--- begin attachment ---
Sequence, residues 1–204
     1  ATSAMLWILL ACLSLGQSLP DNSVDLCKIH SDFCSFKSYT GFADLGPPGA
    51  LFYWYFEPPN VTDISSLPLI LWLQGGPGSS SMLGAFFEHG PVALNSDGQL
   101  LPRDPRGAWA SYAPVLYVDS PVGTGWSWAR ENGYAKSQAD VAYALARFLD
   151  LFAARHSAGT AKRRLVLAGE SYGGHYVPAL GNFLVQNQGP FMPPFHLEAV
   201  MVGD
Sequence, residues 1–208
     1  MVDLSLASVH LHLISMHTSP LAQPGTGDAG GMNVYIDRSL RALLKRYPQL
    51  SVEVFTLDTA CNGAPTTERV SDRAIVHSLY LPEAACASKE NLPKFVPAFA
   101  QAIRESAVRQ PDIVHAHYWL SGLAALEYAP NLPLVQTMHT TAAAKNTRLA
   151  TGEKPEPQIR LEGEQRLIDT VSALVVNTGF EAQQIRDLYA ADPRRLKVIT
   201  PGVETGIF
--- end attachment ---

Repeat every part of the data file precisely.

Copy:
Sequence, residues 1–204
     1  ATSAMLWILL ACLSLGQSLP DNSVDLCKIH SDFCSFKSYT GFADLGPPGA
    51  LFYWYFEPPN VTDISSLPLI LWLQGGPGSS SMLGAFFEHG PVALNSDGQL
   101  LPRDPRGAWA SYAPVLYVDS PVGTGWSWAR ENGYAKSQAD VAYALARFLD
   151  LFAARHSAGT AKRRLVLAGE SYGGHYVPAL GNFLVQNQGP FMPPFHLEAV
   201  MVGD
Sequence, residues 1–208
     1  MVDLSLASVH LHLISMHTSP LAQPGTGDAG GMNVYIDRSL RALLKRYPQL
    51  SVEVFTLDTA CNGAPTTERV SDRAIVHSLY LPEAACASKE NLPKFVPAFA
   101  QAIRESAVRQ PDIVHAHYWL SGLAALEYAP NLPLVQTMHT TAAAKNTRLA
   151  TGEKPEPQIR LEGEQRLIDT VSALVVNTGF EAQQIRDLYA ADPRRLKVIT
   201  PGVETGIF